Matt Smith plays the late artist Robert Mapplethorpe (1946-1989) in a new biopic. (Samuel Goldwyn Films)


The late artist Robert Mapplethorpe photographed flowers and celebrities, but also naked men, S&M club scenes and male genitalia, in tight close-up. If the new biopic “Mapplethorpe” presents this transgressive vision in vivid detail — and it does — that’s only because it includes so many of Mapplethorpe’s pictures. Everything else in the film is timid and pedestrian.

Director and co-writer Ondi Timoner picks up the story in 1969, when the title character was an art student (and ROTC cadet) at New York’s Pratt Institute, and she follows it to the photographer’s death, in 1989, from AIDS. A strictly chronological timeline emphasizes events over themes or analysis. Along the way, Timoner’s film shortchanges — or bypasses entirely — several potentially illuminating takes.

“Mapplethorpe,” for instance, might well have focused on its subject’s intense and intriguing relationship with Patti Smith, played by a too-pretty Marianne Rendon. Mere minutes into the movie, the fledgling poet and future punk-rocker meets Robert, played by the sharp-faced Matt Smith, a former Doctor Who. But as soon as her boyfriend’s homosexuality becomes evident, the character of Patti largely vanishes from the tale. (A Robert-and-Patti movie would probably have required the blessing of the real Smith, who chronicled the couple’s relationship in her 2010 memoir, “Just Kids.” Unfortunately, Smith declined to cooperate with Timoner.)

The filmmaker might also have given more time to Mapplethorpe’s relationship with Sam Wagstaff, the (much older) collector who became the photographer’s lover and patron — and who succumbed to AIDS before his protege. As played by John Benjamin Hickey, Wagstaff’s character is more complex than that of Smith’s. But his bland reaction to Robert’s growing arrogance and cruelty is unpersuasive.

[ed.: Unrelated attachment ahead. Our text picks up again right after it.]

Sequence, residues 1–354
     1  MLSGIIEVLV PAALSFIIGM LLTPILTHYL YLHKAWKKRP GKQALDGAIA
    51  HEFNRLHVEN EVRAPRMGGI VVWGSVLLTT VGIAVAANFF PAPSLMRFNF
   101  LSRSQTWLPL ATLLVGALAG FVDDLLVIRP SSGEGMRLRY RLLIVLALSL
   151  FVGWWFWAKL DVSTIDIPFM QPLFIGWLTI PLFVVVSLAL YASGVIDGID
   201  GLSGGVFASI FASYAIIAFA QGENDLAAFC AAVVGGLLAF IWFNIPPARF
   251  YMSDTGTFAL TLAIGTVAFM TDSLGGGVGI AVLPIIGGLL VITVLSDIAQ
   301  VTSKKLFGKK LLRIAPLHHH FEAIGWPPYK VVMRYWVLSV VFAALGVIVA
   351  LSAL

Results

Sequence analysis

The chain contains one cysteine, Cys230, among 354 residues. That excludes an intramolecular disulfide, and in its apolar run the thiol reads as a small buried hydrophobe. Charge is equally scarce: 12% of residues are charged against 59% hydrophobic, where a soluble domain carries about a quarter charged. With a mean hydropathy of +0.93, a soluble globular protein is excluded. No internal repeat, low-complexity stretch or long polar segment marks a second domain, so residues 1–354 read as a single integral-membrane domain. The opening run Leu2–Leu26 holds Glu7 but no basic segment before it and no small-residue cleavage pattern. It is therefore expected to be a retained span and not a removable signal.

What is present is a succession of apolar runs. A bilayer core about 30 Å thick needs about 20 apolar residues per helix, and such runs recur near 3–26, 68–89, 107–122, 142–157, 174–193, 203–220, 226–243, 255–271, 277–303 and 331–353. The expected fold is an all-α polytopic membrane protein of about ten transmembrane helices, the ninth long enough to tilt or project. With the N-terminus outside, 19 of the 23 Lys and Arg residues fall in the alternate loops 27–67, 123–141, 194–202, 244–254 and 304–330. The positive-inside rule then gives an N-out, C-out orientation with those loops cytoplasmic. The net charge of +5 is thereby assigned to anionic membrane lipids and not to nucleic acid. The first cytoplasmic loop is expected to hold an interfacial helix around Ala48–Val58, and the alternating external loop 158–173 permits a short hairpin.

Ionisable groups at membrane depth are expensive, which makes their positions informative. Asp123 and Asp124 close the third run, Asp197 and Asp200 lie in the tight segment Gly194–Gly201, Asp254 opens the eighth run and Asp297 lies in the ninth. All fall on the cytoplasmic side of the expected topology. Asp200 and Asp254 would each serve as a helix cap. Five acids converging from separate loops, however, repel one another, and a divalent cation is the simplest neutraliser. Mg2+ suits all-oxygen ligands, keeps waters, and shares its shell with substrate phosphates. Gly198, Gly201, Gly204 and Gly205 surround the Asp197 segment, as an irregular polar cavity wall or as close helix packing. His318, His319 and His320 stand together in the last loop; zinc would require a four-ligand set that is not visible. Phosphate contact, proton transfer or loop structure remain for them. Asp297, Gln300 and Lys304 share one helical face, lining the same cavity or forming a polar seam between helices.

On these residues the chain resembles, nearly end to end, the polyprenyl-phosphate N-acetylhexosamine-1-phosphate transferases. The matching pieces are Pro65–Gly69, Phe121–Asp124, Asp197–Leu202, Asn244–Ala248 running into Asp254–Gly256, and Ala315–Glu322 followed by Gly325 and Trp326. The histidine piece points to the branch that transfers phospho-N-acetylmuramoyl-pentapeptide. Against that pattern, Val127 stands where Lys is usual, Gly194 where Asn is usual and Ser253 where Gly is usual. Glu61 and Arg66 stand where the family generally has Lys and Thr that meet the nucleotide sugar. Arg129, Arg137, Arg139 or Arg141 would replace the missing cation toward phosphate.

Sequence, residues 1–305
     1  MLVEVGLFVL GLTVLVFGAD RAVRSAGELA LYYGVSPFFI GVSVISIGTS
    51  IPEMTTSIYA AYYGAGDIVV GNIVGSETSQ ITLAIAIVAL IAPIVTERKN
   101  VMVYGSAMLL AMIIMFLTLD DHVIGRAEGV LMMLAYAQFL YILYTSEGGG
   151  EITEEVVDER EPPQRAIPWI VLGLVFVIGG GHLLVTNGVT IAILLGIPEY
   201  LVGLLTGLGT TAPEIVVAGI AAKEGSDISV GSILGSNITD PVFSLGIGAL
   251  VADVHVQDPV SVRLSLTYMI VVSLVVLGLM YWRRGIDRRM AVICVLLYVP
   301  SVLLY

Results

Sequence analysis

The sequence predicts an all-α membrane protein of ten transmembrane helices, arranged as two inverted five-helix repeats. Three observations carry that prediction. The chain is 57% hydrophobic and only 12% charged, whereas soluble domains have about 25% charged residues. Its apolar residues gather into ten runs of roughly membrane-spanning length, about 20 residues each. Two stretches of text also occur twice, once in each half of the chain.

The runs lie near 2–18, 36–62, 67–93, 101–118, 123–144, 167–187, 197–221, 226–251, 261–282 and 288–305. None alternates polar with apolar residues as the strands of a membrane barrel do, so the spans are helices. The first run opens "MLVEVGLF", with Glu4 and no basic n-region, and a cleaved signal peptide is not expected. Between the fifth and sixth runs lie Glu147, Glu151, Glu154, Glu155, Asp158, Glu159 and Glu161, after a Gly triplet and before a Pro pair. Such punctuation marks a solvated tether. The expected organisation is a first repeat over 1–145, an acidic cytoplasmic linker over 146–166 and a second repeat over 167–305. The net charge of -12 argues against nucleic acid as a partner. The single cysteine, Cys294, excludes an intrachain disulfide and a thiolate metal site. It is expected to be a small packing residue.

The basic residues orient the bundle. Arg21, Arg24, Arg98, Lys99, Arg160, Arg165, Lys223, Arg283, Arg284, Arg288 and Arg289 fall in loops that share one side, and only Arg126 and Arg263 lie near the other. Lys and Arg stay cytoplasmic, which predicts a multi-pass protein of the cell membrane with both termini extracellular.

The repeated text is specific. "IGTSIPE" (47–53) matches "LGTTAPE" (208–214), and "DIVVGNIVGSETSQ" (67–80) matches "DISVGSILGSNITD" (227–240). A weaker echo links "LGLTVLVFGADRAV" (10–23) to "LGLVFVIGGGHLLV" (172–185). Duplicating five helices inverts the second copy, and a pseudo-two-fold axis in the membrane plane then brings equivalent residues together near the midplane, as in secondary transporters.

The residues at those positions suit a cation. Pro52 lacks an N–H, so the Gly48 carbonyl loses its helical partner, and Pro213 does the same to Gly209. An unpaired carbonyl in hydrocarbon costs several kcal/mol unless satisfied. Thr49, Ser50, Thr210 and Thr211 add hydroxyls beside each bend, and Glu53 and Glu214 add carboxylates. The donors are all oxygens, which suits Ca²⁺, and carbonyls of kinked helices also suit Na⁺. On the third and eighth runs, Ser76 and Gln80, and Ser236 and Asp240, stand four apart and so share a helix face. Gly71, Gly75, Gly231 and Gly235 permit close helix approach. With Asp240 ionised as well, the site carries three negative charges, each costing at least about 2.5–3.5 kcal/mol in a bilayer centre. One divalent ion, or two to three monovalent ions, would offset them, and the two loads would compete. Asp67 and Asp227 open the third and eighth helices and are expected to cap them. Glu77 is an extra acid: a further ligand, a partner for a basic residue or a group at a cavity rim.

Perhaps most fruitfully, Timoner could have attempted to draw connections between Mapplethorpe’s Catholic upbringing and his deliberately heretical art. Stark, but lighted dramatically to resemble Old Master paintings, Mapplethorpe’s most scandalous pictures reveal what the character calls “a certain Catholic aesthetic.”

“Beauty and the devil have always been the same to me,” the artist tells a priest — who doesn’t seem all that concerned.

“Mapplethorpe” follows the artist from when he was a student at the Pratt Institute to his death from AIDS. (Samuel Goldwyn Films)

Yet aside from that scene, the impact of Mapplethorpe’s religious upbringing is represented mainly by his parents (Carolyn McCormick and Mark Moses), who come across as stodgy, but far from scary. The worst thing Mom does is insist on referring to Patti, who’s posing as Robert’s new bride, as “Patricia.” Not exactly the sort of repressive parenting that forces a son’s interest toward bondage and bullwhips.

Mapplethorpe’s pictures — the ones that beauty and the devil inspired — haven’t aged all that well, although they remain technically immaculate. “The Perfect Moment,” a traveling retrospective that began the year before the photographer died, got Cincinnati’s Contemporary Arts Center charged with obscenity, and caused a furor in Washington, D.C., where the exhibition — planned for the Corcoran — was scrubbed after its National Endowment for the Arts funding was criticized. That art-world controversy is the subject of “6.13.89,” a show that opens in the capital, at the former Corcoran, in June.

“Mapplethorpe” represents a tentative shift from documentary to narrative feature for Timoner, who previously made such sharp films as “Dig!” and “We Live in Public.” Here, the director’s approach is straightforward; she doesn’t try to emulate such woozily subjective art biopics as “Love Is The Devil: Study For a Portrait of Francis Bacon” or “Mishima: A Life in Four Chapters,” which melded art, work and erotic obsession.

Ironically, this film’s principal competition is “Mapplethorpe: Look at the Pictures,” a 2016 documentary that zooms in on the artist’s craving for fame. That earlier movie is not a perfect picture, but at least it hasn’t been airbrushed into banality.

Unrated. At Landmark’s E Street Cinema. Contains nudity, sexual situations, obscenity and drug use. 102 minutes.